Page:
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RE: Tax exemption for environmental equipment



I am curious about this whole concept.  Does anyone have evidence that a tax
exemption for enviro equipment, or P2 technologies, really causes a
reasonable number of companies (as in, more than 2 or 3), to actually make
the investments that they would not make otherwise?  The benefits of the tax
exemptions are not very significant compared to the whole cost, and the
obstacles to investing in such equipment are significant and well known.
Considering how much effort is needed simply to get a tax exemption like
this in place and to implement it (with the review process for applicatoins
etc), unless a LOT of companies are inspired to make investments that they
would really not make otherwise (which is of course hard to demonstrate), I
wonder if tax exemptions really make any difference.  The whole idea of
market based mechanisms is that they move the market, not just one or two
firms who would make the investment anyway and figure they can make a little
extra money via the tax credit.  Does anyone have any data that shows how
many  firms  made new investments in P2 or PC, stimulated by these tax
credits?  Without such evidence, I am disinclined to believe that they are
worth the effort.  And yes, I have already had my coffee so I am not just
being cranky this morning.

Burton Hamner, MBA, MMA
Professor, Universidad de Pacifico
Avenida Salaverry 2020
Jesus Maria, Lima 11, Peru
511-219-0100, x2354
fax 511-219-0135
email wbhamner@cleanerproduction.com
web http://www.cleanerproduction.com




-----Mensaje original-----
De: owner-p2tech@great-lakes.net [mailto:owner-p2tech@great-lakes.net]En
nombre de Sobin Rodney
Enviado el: Miércoles, 17 de Septiembre de 2003 08:49 a.m.
Para: Tammy Allen; p2tech@great-lakes.net
Asunto: RE: Tax exemption for environmental equipment


Tammy--

It may be a bit out-of-date but back in '95 we put together a list of
federal tax provisions that encourage innovative technologies.  The list is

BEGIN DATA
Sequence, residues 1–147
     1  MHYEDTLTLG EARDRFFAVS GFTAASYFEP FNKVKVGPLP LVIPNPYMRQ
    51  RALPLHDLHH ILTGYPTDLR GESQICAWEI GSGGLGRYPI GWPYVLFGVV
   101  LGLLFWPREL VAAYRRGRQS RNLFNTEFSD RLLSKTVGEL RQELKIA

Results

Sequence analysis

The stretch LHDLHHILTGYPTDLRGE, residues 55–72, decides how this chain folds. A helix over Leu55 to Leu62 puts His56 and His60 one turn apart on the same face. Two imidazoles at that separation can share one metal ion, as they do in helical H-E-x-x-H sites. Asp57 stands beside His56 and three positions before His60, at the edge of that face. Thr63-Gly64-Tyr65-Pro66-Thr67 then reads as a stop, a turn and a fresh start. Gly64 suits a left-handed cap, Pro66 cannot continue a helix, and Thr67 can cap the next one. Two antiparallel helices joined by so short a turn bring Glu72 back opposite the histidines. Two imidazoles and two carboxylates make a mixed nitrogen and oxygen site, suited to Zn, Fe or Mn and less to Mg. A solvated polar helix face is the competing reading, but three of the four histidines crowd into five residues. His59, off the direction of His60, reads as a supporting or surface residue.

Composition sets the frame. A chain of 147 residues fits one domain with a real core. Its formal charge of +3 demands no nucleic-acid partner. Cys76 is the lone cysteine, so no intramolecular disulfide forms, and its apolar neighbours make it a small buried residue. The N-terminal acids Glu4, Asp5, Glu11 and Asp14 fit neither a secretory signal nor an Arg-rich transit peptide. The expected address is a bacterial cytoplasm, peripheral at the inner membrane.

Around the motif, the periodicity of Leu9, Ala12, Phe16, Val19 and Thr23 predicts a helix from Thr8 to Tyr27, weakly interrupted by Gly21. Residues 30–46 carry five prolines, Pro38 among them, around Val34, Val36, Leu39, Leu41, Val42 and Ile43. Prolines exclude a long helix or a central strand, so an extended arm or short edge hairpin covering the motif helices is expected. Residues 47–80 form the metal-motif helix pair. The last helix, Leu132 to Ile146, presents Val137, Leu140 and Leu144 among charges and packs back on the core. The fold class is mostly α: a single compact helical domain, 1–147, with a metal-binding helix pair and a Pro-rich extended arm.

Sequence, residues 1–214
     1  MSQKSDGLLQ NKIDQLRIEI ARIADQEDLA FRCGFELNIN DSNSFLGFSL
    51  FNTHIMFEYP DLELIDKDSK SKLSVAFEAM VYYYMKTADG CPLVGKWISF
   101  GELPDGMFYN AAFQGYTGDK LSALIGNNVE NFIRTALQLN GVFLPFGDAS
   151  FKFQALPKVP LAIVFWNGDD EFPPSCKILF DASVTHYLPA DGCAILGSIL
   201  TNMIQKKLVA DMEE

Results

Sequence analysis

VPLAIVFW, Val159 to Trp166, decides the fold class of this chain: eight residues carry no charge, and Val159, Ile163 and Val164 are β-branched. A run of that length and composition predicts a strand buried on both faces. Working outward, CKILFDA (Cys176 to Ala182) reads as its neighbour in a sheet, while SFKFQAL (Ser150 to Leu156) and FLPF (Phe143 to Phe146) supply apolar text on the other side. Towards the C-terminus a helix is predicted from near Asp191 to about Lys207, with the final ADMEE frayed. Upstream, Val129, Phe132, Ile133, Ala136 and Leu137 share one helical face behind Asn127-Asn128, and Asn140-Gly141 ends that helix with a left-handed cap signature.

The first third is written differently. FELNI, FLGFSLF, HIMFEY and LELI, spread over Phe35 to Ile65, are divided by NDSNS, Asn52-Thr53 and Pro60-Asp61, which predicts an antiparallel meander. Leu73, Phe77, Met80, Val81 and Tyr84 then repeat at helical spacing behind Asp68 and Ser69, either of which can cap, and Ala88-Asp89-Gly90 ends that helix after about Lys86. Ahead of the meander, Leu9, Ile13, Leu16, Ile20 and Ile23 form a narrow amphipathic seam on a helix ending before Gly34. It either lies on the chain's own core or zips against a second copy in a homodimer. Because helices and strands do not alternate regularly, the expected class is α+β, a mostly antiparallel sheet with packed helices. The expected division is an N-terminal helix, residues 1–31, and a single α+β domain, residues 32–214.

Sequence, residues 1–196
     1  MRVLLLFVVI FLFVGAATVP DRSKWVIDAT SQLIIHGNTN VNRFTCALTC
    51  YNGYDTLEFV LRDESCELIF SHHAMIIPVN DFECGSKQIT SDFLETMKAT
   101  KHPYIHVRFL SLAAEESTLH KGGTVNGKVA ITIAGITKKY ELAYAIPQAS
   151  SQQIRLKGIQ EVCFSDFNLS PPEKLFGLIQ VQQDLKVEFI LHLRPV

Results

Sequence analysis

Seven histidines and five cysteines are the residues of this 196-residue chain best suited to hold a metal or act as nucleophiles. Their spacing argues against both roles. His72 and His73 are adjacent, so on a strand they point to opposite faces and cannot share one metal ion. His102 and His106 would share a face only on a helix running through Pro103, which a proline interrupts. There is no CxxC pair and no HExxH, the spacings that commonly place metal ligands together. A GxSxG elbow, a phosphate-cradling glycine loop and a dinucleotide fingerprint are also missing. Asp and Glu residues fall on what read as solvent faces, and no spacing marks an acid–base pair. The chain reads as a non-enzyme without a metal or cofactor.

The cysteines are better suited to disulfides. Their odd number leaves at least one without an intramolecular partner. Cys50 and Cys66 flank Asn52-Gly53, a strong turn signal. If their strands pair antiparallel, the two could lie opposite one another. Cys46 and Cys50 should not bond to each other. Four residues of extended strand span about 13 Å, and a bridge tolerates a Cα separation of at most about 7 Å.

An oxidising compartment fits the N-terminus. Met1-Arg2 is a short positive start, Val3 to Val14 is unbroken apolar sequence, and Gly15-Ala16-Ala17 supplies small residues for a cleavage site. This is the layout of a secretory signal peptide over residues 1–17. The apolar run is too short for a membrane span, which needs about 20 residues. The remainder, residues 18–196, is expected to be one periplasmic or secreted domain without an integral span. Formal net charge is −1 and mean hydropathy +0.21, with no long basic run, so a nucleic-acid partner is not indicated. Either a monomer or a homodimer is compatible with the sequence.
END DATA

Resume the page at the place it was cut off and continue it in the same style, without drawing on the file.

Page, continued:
in U.S. Congress, Office of Technology Assessment, Innovation and
Commercialization of Emerging Technologies ,OTA-BP-ITC-165, September 1995
on page 93.  The report is available via the OTA archives at
http://www.wws.princeton.edu/~ota/   I've also appended an image of the
table below but the image quality is not too good.

Many of the provisions were/are energy related.  Again, be careful because
the list is old so it may be worth looking at the US Code citations to see
if they're still in force.  I'm not aware of any special credit or deduction
at the federal level that would apply to purchase or installation of
pollution prevention processes or pollution control equipment.

In case you're interested, in Virginia there are some state tax credits and
exemptions--sales tax exemption for pollution control equipment; income tax
credits for recycling equipment, oil burning equipment, and for certain
pollution control and disposal equipment. ... Not exactly the vanguard of P2
policy is it?
See http://www.deq.state.va.us/waste/ and click on "Tax Credit" on the lower
left part of the page

I hope this is useful.

Rod

Rodney Sobin
Air Permitting Program Coordinator
Virginia Department of Environmental Quality
Postal: P.O. Box 10009, Richmond, VA 23240-0009
Street:  629 E. Main St., Richmond, VA 23233-2429
Tel. 804-698-4382	fax 804-698-4264  Rsobin@deq.state.va.us
DEQ Innovative Technology http://www.deq.state.va.us/innovtech
Chesapeake Bay Program Innovative Technology
http://www.chesapeakebay.net/innovative.htm
<http://www.chesapeakebay.net/innovative.html>
Virginia Environmental Services Network http://www.vesn.org




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